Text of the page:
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Consider the algebra $ T $ of trigonometric polynomials (i.e. functions like $ \sum_{n=-N}^{N}c_{n}e^{inz} $ where $ c_n \in \mathbb{C} $) on the closed disc $ D $ of radius $ \frac{1}{3} $. $ T $ is self-adjoint, it separates points in the disc, and it vanishes nowhere on the disc. Thus, by Stone-Weierstrass theorem, any continuous function on $ D $ can be approximated uniformly by a trigonometric polynomial on $ D $. This contradicts with the fact that some continuous functions on $ D $ are not holomorphic. Could you help me find what I did wrong? Thanks very much

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    $\begingroup$ Why is $T$ self-adjoint? $\endgroup$
    – Jose27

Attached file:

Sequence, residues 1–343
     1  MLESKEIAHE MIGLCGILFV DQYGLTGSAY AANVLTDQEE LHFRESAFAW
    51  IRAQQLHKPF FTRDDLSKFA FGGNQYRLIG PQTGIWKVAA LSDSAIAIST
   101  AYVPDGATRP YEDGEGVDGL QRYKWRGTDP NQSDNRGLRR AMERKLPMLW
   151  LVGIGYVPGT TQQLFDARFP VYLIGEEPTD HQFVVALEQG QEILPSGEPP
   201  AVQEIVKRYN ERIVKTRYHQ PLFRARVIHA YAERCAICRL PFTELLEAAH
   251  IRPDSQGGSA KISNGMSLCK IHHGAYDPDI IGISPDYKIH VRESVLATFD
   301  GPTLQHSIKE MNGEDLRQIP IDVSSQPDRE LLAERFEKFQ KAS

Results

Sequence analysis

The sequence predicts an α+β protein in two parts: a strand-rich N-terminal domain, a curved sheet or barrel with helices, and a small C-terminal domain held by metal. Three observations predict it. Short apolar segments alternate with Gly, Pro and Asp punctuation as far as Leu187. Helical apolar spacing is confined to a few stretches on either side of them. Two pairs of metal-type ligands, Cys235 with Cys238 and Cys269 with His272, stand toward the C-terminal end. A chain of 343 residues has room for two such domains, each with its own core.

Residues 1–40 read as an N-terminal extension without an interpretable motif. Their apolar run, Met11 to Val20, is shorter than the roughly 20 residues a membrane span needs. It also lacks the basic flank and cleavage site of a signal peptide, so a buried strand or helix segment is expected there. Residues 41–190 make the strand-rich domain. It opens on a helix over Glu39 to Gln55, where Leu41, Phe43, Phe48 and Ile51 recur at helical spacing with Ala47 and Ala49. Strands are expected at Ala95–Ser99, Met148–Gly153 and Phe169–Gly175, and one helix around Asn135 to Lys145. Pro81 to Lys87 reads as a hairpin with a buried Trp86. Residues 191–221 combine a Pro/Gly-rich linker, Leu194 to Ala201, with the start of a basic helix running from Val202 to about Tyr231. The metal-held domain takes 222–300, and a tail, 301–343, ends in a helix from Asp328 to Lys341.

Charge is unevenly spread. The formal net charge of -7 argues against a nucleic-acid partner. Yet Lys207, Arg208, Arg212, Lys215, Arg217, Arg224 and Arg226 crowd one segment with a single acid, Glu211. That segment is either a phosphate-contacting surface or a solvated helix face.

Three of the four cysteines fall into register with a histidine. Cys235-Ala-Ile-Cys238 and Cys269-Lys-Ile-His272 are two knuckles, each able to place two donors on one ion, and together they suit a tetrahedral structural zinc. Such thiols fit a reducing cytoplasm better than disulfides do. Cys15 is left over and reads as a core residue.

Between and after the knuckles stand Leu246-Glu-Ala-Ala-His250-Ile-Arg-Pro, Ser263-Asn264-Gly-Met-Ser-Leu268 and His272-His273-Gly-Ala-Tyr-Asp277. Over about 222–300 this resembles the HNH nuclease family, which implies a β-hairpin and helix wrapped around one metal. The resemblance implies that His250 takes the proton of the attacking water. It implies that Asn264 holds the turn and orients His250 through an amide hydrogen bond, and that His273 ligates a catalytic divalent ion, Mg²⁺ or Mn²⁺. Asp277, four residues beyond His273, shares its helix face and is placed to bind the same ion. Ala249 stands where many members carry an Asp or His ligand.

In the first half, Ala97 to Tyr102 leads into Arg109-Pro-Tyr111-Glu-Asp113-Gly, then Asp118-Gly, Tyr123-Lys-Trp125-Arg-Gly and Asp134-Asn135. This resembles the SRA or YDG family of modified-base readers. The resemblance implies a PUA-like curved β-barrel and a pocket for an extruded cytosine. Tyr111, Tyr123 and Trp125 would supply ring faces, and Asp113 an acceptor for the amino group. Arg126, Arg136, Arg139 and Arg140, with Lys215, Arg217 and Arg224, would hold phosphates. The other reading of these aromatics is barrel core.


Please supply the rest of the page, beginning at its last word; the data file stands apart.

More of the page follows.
Feb 18, 2015 at 6:41

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To expand on @Jose27's comment:

$\overline{e^{inz}}$ is not $e^{-inz}$, since $z$ is not assumed to be real.

In fact with $z=x+iy$, $$ e^{inz} = e^{in(x+iy)} = e^{inx}e^{-ny} $$ so $$ \overline{e^{inz}} = e^{-inx}e^{-ny} $$ but $$ e^{-inz} = e^{-in(x+iy)} = e^{-inx}e^{ny}. $$ In other words, $\overline{e^{inz}}$ is not a member of $T$ (it's not holomorphic when $n\neq 0$).

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